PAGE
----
Securing Passwords Against Dictionary Attacks
Author(s): Benny Pinkas, Tomas Sander

Date: November 2002
Publication: Proceedings of the 9th ACM Conference on Computer and Communications Security
Page(s): 161 - 170
Publisher: ACM
Source 1: http://www.pinkas.net/PAPERS/pwdweb.pdf
Source 2: http://www.pinkas.net/PAPERS/pwdweb.ps
Source 3: http://doi.acm.org/10.1145/586110.586133 - Subscription or payment required

Abstract or Summary:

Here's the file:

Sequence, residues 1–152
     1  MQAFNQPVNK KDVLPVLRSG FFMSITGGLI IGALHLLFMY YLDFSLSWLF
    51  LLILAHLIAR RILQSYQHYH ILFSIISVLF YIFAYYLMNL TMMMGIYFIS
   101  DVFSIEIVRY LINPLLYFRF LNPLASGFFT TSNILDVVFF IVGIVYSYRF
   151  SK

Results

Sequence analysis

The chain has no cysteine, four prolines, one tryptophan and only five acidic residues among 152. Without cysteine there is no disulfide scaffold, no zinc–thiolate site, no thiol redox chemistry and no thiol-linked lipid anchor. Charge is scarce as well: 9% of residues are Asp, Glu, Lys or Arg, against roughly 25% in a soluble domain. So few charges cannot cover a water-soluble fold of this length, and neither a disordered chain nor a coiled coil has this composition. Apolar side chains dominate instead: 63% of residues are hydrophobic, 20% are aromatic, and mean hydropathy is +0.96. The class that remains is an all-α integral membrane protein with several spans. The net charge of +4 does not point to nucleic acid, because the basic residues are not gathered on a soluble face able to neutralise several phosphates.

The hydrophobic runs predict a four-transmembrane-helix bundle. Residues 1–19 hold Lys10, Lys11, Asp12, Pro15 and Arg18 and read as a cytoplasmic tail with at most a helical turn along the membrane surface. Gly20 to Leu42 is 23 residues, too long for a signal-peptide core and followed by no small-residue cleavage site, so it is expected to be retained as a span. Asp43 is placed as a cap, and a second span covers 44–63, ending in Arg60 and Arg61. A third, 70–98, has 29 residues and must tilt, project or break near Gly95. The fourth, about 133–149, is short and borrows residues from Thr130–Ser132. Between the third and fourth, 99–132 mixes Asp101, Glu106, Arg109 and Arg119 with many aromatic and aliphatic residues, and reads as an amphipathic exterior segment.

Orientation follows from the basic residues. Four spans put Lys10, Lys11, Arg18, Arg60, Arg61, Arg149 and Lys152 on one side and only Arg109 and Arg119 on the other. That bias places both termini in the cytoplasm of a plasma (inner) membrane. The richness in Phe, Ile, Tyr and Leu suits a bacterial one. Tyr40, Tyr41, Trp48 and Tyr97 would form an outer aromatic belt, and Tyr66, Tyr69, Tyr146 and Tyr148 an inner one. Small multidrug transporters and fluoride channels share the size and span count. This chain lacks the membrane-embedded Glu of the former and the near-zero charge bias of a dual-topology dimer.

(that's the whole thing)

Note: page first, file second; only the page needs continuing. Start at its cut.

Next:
The use of passwords is a major point of vulnerability in computer security, as passwords are often easy to guess by automated programs running dictionary attacks. Passwords remain the most widely used authentication method despite their well-known security weaknesses. User authentication is clearly a practical problem. From the perspective of a service provider this problem needs to be solved within real-world constraints such as the available hardware and software infrastructures. From a user's perspective user-friendliness is a key requirement.In this paper we suggest a novel authentication scheme that preserves the advantages of conventional password authentication, while simultaneously raising the costs of online dictionary attacks by orders of magnitude. The proposed scheme is easy to implement and overcomes some of the difficulties of previously suggested methods of improving the security of user authentication schemes.Our key idea is to efficiently combine traditional password authentication with a challenge that is very easy to answer by human users, but is (almost) infeasible for automated programs attempting to run dictionary attacks. This is done without affecting the usability of the system. The proposed scheme also provides better protection against denial of service attacks against user accounts.



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